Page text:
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Chavez Threatens to Nationalize Banks

In this image released by the Miraflores Press Office, Venezuela's President Hugo Chavez looks on during the taping of his television show "Hello, President" in Caracas, Aug. 9, 2009.
AP Photo/Miraflores Press Office
President Hugo Chavez threatened on Sunday to nationalize banks that violate regulations, saying he'll do whatever is necessary to prevent irregularities amid a scandal that already has prompted his government to take over management of four banks.

"I warn the country's private bankers: I'll take away any bank from anyone who slips up," Chavez said during his weekly television and radio program. "Do you want me to nationalize the banks?" Chavez asked, then said he'd have "no problem" ordering state takeovers.

The government took over management four small banks on Nov. 20, citing various irregularities.

The four banks - Canarias, Confederado, Bolivar and BanPro - account for 5.7 percent of Venezuela's banking sector. The banks were purchased in September and October by a group of investors headed by Ricardo Fernandez, who is involved in the food industry and sells products to a network of state-run subsidized markets known as Mercal.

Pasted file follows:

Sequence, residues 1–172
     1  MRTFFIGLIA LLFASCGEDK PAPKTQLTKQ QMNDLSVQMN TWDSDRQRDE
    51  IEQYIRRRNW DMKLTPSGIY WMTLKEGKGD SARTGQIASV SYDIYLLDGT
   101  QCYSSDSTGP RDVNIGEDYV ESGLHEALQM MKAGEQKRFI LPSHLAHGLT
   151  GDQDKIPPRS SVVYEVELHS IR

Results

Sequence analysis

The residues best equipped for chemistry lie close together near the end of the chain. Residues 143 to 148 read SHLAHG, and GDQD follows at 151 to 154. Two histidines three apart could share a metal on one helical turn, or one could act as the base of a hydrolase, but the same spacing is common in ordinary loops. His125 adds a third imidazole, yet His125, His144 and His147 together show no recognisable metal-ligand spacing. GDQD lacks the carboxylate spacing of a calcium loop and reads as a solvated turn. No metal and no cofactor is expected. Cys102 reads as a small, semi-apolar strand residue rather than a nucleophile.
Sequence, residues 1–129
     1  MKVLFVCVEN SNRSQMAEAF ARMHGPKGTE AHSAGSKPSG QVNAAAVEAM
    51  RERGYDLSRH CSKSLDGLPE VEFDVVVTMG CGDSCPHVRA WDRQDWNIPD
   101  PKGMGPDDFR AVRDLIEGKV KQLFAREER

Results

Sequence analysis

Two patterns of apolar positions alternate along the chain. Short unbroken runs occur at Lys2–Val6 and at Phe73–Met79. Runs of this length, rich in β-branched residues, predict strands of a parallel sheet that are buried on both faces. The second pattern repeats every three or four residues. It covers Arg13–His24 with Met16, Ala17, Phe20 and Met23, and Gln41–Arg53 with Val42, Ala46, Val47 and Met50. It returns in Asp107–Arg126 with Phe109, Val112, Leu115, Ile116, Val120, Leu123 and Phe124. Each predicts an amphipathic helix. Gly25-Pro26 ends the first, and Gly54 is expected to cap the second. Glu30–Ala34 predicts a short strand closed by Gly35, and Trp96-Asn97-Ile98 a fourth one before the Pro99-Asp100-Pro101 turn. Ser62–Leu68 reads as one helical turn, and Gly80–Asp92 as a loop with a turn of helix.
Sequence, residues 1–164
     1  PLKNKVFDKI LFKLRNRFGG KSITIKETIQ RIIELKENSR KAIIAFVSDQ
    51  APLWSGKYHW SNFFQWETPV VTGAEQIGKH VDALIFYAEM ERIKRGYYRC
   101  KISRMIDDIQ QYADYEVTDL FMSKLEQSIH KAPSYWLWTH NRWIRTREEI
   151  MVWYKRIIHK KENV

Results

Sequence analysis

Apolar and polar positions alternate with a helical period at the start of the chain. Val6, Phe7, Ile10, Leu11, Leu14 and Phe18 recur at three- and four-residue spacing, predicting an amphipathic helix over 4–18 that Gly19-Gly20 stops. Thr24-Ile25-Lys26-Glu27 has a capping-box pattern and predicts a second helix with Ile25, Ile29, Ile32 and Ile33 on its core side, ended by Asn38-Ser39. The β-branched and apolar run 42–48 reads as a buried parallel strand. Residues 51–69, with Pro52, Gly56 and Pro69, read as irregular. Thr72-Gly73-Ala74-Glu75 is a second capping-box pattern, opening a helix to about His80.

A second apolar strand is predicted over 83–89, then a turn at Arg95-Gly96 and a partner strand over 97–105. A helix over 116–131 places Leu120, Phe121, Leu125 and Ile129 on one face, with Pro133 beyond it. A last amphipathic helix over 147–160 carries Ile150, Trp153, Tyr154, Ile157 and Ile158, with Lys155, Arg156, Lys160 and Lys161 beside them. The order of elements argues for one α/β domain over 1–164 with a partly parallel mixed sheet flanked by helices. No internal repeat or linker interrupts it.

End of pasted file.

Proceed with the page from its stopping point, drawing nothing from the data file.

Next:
Fernandez and his lawyer Jose Camacho have been arrested on charges of misappropriating deposits and providing loans to other businesses in which they were investors.

The state-run banking agency has appointed officials to oversee operations of the banks. The National Banking Council, a private banking association, has voiced its support for the government takeover, saying the initiative is aimed at protecting depositors.

Since taking office over a decade ago, Chavez has ordered the nationalization of major players in steel, electricity and oil sectors. His government has also seized control of dozens of other private businesses, including coffee processing plants, sugarcane mills and cattle ranches.